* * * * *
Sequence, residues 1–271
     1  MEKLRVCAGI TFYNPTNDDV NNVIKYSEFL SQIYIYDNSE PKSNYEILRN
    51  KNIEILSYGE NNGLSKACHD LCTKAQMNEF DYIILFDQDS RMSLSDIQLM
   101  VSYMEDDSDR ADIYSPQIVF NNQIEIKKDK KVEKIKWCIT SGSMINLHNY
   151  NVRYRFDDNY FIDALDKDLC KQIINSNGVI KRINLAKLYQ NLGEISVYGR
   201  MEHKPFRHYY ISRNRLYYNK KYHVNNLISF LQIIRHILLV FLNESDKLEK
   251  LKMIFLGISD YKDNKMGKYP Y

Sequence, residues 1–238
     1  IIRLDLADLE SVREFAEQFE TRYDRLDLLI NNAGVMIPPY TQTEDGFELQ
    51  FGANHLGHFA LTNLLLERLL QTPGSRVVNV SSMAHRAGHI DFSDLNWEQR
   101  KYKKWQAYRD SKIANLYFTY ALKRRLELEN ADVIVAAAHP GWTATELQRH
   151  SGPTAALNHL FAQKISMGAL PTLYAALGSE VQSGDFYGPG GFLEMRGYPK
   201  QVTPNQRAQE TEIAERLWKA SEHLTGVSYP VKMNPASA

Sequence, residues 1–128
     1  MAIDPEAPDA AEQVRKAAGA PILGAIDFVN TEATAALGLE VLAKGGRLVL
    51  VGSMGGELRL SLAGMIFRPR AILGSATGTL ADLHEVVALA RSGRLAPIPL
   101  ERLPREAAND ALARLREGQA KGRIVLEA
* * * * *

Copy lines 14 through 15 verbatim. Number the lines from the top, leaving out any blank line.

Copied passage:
Sequence, residues 1–128
     1  MAIDPEAPDA AEQVRKAAGA PILGAIDFVN TEATAALGLE VLAKGGRLVL